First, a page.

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New stage for music and drama at Mohawk

Recorder/Paul Franz
Scott Halligan is the new Musical Director at Mohawk Trail Regional School.

Recorder/Paul Franz Scott Halligan is the new Musical Director at Mohawk Trail Regional School.

BUCKLAND — The first thing Scott Halligan did this school year, as Mohawk’s new music director, was clean house. Mohawk’s music room got a good going over, and now Halligan is making room for a new strings program and a jazz band to be part of Mohawk’s musical line-up.

The first Mohawk Trail Regional School concert, under Halligan’s direction, takes place on Tuesday, at 6:30 p.m. in the Mohawk auditorium. The holiday concert will feature several Mohawk music ensembles, and it’s free to the public.

Halligan, a cellist who knows how to play about 20 stringed instruments, woodwinds and horns, received a master’s degree in music at the New England Conservatory of Music in Boston. He was a graduate student when he first saw a Double Edge Theatre performance and started working with the eclectic Ashfield-based theater group in 2008. He said he spent his last academic year commuting between Ashfield and Boston.

Halligan also led a children’s music program at Tufts Medical Center’s behavioral health unit in Boston, before moving to western Massachusetts, to work with Double Edge and to teach music.

Now living in Goshen, Halligan, 32, said he was a substitute music teacher at Sanderson Academy and for other Mohawk schools. Last year, he was the music director for Turners Falls High School.

“Working at Double Edge was really exciting and invigorating,” said Halligan. “A lot of the work tapped into a latent, creative intelligence that is musical and physical — and that way of working has crept into my teaching.”

Halligan is starting an elective, stringed-instrument program at Mohawk, with the help of “Strings for Kids,” a program of Artspace Community Arts Center and Greenfield Public Schools. The program has loaned the Mohawk music department five violins and three cellos to help get the new program off the ground. Halligan said he’s researching grants that may make it possible for Mohawk to acquire its own instruments in the future.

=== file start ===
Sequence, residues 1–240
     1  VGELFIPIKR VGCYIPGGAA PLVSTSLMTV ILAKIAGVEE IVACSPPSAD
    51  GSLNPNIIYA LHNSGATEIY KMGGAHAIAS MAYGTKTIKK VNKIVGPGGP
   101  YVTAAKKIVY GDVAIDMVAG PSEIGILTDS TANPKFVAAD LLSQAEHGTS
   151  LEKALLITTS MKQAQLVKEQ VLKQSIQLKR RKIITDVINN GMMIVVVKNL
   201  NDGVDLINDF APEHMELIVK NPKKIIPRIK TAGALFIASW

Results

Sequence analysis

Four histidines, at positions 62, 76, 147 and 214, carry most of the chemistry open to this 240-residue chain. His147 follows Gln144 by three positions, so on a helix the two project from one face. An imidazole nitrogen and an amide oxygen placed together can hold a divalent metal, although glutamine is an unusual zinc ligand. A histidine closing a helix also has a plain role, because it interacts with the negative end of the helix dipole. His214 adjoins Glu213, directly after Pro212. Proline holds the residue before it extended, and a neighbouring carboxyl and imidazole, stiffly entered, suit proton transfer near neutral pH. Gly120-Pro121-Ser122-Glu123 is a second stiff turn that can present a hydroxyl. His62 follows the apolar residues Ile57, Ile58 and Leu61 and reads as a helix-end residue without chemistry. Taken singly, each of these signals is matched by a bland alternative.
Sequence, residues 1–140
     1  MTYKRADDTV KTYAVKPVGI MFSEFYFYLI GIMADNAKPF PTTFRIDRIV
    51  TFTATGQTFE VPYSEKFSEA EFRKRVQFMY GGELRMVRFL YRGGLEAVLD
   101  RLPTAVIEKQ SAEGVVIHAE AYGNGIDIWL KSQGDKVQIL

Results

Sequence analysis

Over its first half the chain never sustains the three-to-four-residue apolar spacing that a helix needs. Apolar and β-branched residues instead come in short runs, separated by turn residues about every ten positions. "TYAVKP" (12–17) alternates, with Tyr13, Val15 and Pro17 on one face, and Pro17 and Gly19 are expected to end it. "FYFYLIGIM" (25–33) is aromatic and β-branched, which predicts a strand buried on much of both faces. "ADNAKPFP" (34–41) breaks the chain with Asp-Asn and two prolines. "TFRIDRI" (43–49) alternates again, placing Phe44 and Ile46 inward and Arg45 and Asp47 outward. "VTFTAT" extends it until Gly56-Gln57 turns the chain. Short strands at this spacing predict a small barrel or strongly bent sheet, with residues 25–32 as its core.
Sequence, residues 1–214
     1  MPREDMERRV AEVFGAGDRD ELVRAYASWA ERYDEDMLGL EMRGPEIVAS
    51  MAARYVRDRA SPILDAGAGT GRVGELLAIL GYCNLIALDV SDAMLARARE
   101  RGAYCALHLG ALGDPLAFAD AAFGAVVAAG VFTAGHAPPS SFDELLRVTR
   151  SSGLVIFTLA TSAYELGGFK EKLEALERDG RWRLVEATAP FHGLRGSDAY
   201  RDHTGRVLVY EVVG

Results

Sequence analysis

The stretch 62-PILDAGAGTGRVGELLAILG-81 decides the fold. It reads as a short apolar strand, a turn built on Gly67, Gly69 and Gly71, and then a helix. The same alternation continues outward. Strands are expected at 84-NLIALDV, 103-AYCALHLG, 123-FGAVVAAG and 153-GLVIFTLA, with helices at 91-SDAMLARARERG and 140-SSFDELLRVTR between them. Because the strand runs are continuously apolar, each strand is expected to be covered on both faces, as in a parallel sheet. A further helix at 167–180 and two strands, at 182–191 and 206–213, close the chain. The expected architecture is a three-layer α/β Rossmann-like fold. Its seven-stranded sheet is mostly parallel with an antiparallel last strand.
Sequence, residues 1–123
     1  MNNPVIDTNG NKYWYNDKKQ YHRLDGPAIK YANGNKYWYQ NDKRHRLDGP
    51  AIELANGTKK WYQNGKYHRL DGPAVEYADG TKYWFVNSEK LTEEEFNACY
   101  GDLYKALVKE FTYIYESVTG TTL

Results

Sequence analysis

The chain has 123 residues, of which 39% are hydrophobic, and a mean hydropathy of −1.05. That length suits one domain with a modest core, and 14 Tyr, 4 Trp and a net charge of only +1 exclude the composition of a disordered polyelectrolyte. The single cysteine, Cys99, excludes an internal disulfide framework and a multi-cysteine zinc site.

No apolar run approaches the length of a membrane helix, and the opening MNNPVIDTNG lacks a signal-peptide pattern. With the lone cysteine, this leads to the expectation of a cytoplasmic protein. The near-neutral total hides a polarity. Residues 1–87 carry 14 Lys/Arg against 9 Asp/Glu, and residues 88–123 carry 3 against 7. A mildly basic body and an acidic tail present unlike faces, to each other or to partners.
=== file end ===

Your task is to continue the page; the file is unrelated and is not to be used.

Another of Halligan’s goals is to resurect Mohawk’s jazz band, an ensemble that ceased in recent years when student enrollment dropped, Halligan said.

Mohawk’s new drama director, Jonathan Diamond, has also worked with Double Edge Theatre, and has directed innovative plays at the Heath Elementary School in recent years.

Diamond and Halligan are planning a performance of “The Hobbit,” as this spring’s school play, and have already had casting workshops for the roles.

“Since this program is in transition, we’re capitalizing on the buzz of (being) new, and are using this way of working as inspired by Double Edge,” Halligan said. “But we’ve promised the (school) families that we will also be doing the traditional musicals,” he said.

In cleaning up the music room, Halligan says he’s taken stock of what the music department has and its needs.

He would like to purchase some music stands, and have the piano in the auditorium repaired or replaced. He said he would also like to put acoustical shell panels in the auditorium, to improve sound projection.

Halligan said the school’s sheet-music library could better organized, using stacks to store the music, instead of the bulkier filing cabinets.

One of his goals is to boost parent participation in the Mohawk Music Association, especially since the youngest children of many existing MMA members will be graduating this spring.

Another goal, he said, is to create more collaboration within the community, for performances that might involve students from more than one school.

“I want to give my students the tools to be self-reliant musicians, where they can write their own music, rehearse in their own bands, where they can call up Mocha Maya’s (coffeehouse) and set up their own gigs.”

“I want them to have real-world skills as musicians — which apply to the real world, too. Just to live your life is a great creative endeavor. It’s a great improvisation,” he said.

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